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WebRTC Is New Factor in Mobile, Web Development

It might be a bit early to proclaim 2015 the "Year of WebRTC," but the nascent Web Real-Time Communication (WebRTC) technology seems to be gaining significant traction early on.

Communications giant AT&T this week announced at its developer conference that it will be the first U.S. carrier to commercially support the emerging initiative, which offers seamless browser-to-browser audio, video and messaging communication. AT&T also announced an open beta program for its AT&T Enhanced WebRTC API, which the company says enhances the basic WebRTC standard.

And the very next day, at the mammoth 2015 International Consumer Electronics Show (CES) in Las Vegas, mobile messaging company Acision announced an agreement with WebRTC specialist Blacc Spot Media Inc. to further development efforts. Acision also announced a developer contest -- called "forgeathon" -- in which entrants can use the company's forge by Acision SDK toolkit to create winning Android, iOS or Web apps. Blacc Spot Media will also be sponsoring a developer contest called the WebRTC Challenge.

WebRTC, according to Wikipedia, "is an API definition drafted by the World Wide Web Consortium (W3C) that supports browser-to-browser applications for voice calling, video chat and P2P file sharing without the need of either internal or external plug-ins."

Released as open source technology by Google Inc. in 2011, WebRTC not only lessens the dependence on plug-ins such as Adobe Flash (and possible licensing fees), but allows developers using just HTML5 and JavaScript to do things like let users initiate calls from browsers and then transfer them to their smartphones without losing the connections.

WebRTC architecture
[Click on image for larger view.] WebRTC Architecture (Source: WebRTC.org)

At the CES show, for example, Acision and Blacc Spot Media demonstrated a scenario in which a customer using his bank's Web site can click to get help from a support specialist -- identified with a PIN -- and then use that PIN as a telephone number extension to reestablish communication with that specialist, if needed, after the customer returns to browsing.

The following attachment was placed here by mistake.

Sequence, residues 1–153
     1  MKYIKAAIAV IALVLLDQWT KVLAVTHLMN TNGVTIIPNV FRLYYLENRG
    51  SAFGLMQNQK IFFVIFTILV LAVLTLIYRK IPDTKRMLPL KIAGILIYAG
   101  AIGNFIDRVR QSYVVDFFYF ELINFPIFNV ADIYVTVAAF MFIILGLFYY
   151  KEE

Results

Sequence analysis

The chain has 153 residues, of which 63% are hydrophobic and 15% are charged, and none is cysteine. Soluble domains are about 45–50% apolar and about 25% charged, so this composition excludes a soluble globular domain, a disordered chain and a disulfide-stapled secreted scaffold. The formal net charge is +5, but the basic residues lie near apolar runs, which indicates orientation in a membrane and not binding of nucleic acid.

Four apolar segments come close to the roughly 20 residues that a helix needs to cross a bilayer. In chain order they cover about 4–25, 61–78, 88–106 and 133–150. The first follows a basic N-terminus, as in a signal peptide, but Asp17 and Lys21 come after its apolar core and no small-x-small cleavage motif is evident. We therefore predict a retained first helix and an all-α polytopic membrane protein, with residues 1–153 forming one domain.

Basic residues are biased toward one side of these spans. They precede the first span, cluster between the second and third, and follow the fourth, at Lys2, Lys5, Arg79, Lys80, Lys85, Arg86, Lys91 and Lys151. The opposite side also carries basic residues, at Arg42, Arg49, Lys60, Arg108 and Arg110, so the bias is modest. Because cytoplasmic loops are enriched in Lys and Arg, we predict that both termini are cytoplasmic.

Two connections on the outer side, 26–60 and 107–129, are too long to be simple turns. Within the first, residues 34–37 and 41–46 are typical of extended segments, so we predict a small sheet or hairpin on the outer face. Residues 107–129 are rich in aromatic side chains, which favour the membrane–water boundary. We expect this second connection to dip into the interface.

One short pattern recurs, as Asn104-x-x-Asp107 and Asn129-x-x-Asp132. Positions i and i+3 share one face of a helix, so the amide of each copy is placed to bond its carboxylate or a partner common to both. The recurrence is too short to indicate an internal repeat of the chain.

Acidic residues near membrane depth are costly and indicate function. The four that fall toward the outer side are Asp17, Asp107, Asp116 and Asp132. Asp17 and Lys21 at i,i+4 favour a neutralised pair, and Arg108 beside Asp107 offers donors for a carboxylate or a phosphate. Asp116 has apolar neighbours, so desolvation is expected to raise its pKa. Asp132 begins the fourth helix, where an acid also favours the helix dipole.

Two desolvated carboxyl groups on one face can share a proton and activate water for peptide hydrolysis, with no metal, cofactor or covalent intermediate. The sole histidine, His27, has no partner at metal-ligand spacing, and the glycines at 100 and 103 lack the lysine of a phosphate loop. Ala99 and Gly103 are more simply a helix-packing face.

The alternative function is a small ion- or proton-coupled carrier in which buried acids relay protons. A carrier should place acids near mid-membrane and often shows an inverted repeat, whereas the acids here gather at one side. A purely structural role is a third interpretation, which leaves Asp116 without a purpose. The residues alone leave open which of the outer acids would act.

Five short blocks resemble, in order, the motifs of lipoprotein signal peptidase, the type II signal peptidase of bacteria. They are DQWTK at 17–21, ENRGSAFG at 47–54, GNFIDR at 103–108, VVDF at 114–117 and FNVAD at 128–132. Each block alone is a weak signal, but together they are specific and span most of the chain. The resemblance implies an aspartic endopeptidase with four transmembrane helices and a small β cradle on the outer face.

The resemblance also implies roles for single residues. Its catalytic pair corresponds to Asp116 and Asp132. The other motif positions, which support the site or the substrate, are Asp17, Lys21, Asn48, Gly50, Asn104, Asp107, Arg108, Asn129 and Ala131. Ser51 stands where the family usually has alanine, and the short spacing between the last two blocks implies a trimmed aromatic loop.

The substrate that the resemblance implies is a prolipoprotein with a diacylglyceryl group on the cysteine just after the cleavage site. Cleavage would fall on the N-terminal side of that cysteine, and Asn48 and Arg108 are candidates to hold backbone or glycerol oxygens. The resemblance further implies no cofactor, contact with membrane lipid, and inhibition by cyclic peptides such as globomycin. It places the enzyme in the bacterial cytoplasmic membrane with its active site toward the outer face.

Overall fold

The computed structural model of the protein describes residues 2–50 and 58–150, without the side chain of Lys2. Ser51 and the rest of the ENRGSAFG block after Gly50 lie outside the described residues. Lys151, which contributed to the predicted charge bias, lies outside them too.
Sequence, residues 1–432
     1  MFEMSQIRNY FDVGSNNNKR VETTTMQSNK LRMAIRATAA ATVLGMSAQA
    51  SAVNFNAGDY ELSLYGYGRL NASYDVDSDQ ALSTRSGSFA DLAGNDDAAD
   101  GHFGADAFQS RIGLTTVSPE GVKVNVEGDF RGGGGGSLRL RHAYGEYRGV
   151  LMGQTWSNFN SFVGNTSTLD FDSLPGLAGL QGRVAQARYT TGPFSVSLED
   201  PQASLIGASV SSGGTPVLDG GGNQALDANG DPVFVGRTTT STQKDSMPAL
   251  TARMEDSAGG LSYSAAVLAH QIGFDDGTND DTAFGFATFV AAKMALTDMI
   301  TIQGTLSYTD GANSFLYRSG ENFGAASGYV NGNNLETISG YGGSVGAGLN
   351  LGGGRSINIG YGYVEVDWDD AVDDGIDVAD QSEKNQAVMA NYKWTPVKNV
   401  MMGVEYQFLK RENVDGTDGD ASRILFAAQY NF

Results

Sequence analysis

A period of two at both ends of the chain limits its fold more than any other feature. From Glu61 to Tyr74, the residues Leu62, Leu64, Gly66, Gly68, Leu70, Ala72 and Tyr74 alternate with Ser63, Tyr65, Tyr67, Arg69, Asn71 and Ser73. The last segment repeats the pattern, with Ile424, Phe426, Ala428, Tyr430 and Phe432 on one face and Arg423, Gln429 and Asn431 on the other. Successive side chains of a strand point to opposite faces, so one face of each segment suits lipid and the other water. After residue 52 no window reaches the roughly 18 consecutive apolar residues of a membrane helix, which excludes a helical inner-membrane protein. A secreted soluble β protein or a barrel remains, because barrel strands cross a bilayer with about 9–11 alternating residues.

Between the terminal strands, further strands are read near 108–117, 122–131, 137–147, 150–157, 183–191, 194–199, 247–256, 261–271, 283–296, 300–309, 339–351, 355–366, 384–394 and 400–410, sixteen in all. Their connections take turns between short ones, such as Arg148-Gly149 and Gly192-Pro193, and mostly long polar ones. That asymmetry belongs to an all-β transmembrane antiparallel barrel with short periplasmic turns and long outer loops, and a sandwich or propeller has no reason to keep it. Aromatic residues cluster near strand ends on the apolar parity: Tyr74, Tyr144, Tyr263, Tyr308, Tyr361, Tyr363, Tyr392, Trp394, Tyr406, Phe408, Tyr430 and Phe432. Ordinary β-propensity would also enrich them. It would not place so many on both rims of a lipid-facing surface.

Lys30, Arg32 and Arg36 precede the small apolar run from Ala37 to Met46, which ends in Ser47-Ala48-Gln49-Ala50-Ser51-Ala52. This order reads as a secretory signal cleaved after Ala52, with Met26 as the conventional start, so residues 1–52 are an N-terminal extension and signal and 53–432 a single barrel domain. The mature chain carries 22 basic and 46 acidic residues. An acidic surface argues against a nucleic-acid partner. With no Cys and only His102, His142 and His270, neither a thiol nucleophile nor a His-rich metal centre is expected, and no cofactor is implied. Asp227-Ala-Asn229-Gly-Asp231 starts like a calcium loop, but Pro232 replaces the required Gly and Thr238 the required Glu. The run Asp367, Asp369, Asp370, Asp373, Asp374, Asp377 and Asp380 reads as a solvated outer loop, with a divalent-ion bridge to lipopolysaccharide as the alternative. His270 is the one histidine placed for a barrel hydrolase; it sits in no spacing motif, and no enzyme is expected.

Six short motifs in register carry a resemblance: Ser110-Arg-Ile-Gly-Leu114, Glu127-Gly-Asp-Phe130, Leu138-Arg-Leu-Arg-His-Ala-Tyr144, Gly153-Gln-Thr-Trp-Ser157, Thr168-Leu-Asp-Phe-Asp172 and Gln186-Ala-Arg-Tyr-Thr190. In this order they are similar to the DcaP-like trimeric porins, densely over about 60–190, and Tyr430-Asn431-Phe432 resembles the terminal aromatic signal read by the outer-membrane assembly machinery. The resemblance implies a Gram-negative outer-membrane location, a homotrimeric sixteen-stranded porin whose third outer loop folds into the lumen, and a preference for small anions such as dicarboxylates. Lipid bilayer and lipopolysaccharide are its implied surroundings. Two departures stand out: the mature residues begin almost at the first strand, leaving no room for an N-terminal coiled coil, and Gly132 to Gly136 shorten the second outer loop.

Besides the Google Chrome browser, WebRTC is supported by the Mozilla and Opera browsers, and Microsoft has also vouched support in its Internet Explorer browser. The Apple Safari browser offers no support and the company has been quiet on the issue. Google and others, however, are quite active in the project. Google operates the webrtc.org site, and samples and demos are also available on GitHub.

While WebRTC is under consideration as a standard on the API level by the W3C and as a protocol by the IETF, the technology is in its infancy and many details are still being worked out. AT&T, for example, claimed its implementation improves upon the basic technology in several ways.

"The first enhancement is that Enhanced WebRTC communications can now extend to land lines and mobile numbers, not just P2P or browser-to-browser sessions," AT&T said in a statement. "This is valuable for developers and customers and will spur growth by eliminating a key barrier to adoption. A second enhancement is the ability for developers to programmatically enable Caller ID for WebRTC communications through the use of their end user's AT&T mobile number, for calls placed from WebRTC-enabled browsers. Last, developers now can enable end users to move or transfer a call starting on a PC, Mac or tablet to a smartphone."

About the Author

David Ramel is the editor of Visual Studio Magazine.

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